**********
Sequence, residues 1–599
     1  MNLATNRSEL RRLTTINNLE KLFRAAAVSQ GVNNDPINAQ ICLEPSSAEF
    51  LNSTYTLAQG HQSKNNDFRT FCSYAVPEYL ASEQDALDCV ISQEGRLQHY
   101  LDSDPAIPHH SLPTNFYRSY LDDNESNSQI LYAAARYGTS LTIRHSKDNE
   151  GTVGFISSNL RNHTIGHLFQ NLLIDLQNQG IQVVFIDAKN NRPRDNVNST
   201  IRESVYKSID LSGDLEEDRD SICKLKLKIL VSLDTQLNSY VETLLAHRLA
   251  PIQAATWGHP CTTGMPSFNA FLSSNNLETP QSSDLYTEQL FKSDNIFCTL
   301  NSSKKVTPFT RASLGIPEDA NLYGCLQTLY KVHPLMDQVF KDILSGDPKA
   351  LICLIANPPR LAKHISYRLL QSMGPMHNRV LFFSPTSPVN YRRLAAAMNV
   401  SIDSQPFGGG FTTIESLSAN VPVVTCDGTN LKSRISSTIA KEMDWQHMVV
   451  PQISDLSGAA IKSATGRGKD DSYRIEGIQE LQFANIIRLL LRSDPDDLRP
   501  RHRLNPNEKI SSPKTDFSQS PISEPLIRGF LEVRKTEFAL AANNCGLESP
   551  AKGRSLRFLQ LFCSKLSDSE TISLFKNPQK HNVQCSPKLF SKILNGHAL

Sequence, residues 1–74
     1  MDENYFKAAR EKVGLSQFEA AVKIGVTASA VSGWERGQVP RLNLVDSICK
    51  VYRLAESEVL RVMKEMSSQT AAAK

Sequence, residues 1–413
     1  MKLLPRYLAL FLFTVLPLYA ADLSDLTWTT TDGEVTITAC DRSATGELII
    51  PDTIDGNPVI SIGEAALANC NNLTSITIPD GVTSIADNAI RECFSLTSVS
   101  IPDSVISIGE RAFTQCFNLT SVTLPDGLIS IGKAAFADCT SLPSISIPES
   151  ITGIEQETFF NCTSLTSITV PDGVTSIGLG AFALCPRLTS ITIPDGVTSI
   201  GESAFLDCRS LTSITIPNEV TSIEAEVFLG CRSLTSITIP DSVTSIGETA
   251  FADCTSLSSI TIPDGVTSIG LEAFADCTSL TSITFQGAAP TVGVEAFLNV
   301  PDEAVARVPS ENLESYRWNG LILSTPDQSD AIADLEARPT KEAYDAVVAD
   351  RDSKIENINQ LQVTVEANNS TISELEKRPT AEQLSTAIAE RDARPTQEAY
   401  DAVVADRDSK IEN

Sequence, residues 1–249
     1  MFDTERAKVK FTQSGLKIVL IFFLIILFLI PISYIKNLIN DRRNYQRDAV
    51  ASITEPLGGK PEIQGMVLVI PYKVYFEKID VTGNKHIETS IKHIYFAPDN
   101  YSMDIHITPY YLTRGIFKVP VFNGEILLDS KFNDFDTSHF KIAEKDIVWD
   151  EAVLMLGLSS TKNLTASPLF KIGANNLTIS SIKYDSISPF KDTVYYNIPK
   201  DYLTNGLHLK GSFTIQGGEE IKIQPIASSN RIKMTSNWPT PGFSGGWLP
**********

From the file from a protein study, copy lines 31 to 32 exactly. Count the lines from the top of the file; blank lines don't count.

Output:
   151  EAVLMLGLSS TKNLTASPLF KIGANNLTIS SIKYDSISPF KDTVYYNIPK
   201  DYLTNGLHLK GSFTIQGGEE IKIQPIASSN RIKMTSNWPT PGFSGGWLP